David Bourget (Western Ontario)
David Chalmers (ANU, NYU)
Rafael De Clercq
Ezio Di Nucci
Jack Alan Reynolds
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Philosophy and Phenomenological Research 64 (1):79-96 (2002)
Reliabilism has come under recent attack for its alleged inability to account for the value we typically ascribe to knowledge. It is charged that a reliably-produced true belief has no more value than does the true belief alone. I reply to these charges on behalf of reliabilism; not because I think reliabilism is the correct theory of knowledge, but rather because being reliably-produced does add value of a sort to true beliefs. The added value stems from the fact that a reliably-held belief is non-accidental in a particular way. While it is widely acknowledged that accidentally true beliefs cannot count as knowledge, it is rarely questioned why this should be so. An answer to this question emerges from the discussion of the value of reliability; an answer that holds interesting implications for the value and nature of knowledge.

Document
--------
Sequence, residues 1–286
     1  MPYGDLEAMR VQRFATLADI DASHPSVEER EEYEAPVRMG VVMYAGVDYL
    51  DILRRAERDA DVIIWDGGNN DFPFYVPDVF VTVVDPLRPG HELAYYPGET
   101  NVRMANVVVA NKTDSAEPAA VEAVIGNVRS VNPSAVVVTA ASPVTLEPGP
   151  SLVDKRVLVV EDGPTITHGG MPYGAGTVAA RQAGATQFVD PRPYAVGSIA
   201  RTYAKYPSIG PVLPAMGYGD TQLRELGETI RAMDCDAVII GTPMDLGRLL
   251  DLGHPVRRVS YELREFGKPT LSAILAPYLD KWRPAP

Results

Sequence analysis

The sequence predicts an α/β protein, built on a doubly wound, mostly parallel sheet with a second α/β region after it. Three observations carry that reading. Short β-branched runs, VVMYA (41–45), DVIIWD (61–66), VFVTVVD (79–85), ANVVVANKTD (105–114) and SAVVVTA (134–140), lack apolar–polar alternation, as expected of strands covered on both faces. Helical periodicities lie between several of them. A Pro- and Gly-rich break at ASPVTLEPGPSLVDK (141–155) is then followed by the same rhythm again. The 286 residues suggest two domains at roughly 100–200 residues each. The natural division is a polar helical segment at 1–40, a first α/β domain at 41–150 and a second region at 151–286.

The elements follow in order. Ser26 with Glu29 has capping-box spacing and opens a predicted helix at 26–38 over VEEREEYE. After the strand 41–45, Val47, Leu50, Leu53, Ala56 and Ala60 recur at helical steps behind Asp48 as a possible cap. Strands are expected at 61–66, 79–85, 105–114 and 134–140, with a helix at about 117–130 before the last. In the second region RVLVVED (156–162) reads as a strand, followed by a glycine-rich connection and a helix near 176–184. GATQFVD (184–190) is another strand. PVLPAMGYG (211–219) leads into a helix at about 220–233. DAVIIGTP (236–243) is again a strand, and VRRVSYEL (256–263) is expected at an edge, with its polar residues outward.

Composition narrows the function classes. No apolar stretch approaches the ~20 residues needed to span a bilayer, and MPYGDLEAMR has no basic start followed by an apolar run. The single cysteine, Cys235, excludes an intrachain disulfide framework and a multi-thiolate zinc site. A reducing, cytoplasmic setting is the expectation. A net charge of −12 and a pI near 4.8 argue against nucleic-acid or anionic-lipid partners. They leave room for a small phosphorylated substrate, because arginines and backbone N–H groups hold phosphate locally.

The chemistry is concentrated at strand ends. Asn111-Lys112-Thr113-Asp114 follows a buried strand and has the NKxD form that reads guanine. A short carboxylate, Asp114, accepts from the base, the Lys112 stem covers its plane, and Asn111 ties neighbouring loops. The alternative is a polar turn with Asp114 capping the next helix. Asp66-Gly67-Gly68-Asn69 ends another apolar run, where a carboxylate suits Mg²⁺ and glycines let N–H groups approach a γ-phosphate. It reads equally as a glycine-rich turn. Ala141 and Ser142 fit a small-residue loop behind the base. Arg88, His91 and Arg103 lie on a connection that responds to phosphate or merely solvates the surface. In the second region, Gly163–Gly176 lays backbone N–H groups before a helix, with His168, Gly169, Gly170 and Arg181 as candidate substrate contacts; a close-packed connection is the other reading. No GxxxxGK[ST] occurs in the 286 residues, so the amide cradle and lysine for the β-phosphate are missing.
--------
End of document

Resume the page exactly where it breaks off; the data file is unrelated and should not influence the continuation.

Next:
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Citations of this work BETA
Jennifer Lackey (2007). Why We Don't Deserve Credit for Everything We Know. Synthese 158 (3):345--361.
Linda Zagzebski (2003). The Search for the Source of Epistemic Good. Metaphilosophy 34 (1-2):12-28.
John Greco (2007). The Nature of Ability and the Purpose of Knowledge. Philosophical Issues 17 (1):57–69.
Linda Zagzebski (2008). The Search for the Source of Epistemic Good. In Duncan Pritchard & Ram Neta (eds.), Metaphilosophy. Routledge 55.
Jennifer Lackey (2009). Knowledge and Credit. Philosophical Studies 142 (1):27 - 42.
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